Though many ethicists have the intuition that we should leave nature alone, Kyle Johannsen argues that we have a duty to research safe ways of providing large-scale assistance to wild animals. Using concepts from moral and political philosophy to analyze the issue of wild animal suffering (WAS), Johannsen explores how a collective, institutional obligation to assist wild animals should be understood. He claims that with enough research, genetic editing may one day give us the power to safely intervene without perpetually (...) interfering with wild animals’ liberties.---------------Questions addressed include: In what way is nature valuable and is interference compatible with that value? Is interference a requirement of justice? What are the implications of WAS for animal rights advocacy? What types of intervention are promising?---------------Expertly moving the debate about human relations with wild animals beyond its traditional confines, Wild Animal Ethics is essential reading for students and scholars of political philosophy and political theory studying animal ethics, environmental ethics, and environmental philosophy. (shrink)
Wild animal reproduction poses an important moral problem for animal rights theorists. Many wild animals give birth to large numbers of uncared-for offspring, and thus child mortality rates are far higher in nature than they are among human beings. In light of this reproductive strategy – traditionally referred to as the ‘r-strategy’ – does concern for the interests of wild animals require us to intervene in nature? In this paper, I argue that animal rights theorists should embrace fallibility-constrained interventionism: the (...) view that intervention in nature is desirable but should be constrained by our ignorance of the inner workings of ecosystems. Though authors sometimes assume that large-scale intervention requires turning nature into an enormous zoo, I suggest an alternative. With sufficient research, a new form of gene editing called CRISPR promises to one day give us the capacity to intervene without perpetually interfering with wild animals’ liberties. (shrink)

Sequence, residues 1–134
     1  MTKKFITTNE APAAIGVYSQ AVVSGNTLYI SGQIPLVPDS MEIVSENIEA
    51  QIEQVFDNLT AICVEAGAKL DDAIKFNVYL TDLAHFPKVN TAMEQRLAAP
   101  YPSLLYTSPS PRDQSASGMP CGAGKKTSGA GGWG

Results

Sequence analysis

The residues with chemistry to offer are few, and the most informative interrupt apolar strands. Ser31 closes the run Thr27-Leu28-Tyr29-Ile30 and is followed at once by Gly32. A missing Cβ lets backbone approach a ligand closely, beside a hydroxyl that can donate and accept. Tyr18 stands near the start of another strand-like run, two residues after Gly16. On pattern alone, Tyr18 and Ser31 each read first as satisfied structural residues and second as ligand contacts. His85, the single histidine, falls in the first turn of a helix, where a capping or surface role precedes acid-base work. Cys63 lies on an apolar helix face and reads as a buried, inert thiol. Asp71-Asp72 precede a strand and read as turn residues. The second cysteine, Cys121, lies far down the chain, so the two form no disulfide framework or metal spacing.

In light of the extent of wild animal suffering, some philosophers have adopted the view that we should cautiously assist wild animals on a large scale. Recently, their view has come under criticism. According to one objection, even cautious intervention is unjustified because fallibility is allegedly intractable. By contrast, a second objection states that we should abandon caution and intentionally destroy habitat in order to prevent wild animals from reproducing. In my paper, I argue that intentional habitat destruction is wrong (...) because negative duties are more stringent than positive duties. However, I also argue that the possible benefits of ecological damage, combined with the excusability of unintended, unforeseeable harm, suggest that fallibility should not paralyse us. (shrink)
The name ‘pluralism’ frequently rears its head in political philosophy, but theorists often have different things in mind when using the term. Whereas ‘reasonable pluralism’ refers to the fact of moral diversity among citizens of a liberal democracy, ‘value pluralism’ is a metaethical view about the structure of moral practical reasoning. In this paper, I argue that value pluralism is part of the best explanation for reasonable pluralism. However, I also argue that embracing this explanation is compatible with political liberalism’s (...) commitment to avoiding controversial premises. According value pluralism an explanatory role does not entail according it a justificatory one. What’s more, explaining reasonable disagreement in terms of reasonable disagreement about value weights opens up space for direct appeal to substantive values within political liberalism. In particular, promoting a substantive political value when doing so does not conflict with other values is unproblematic. (shrink)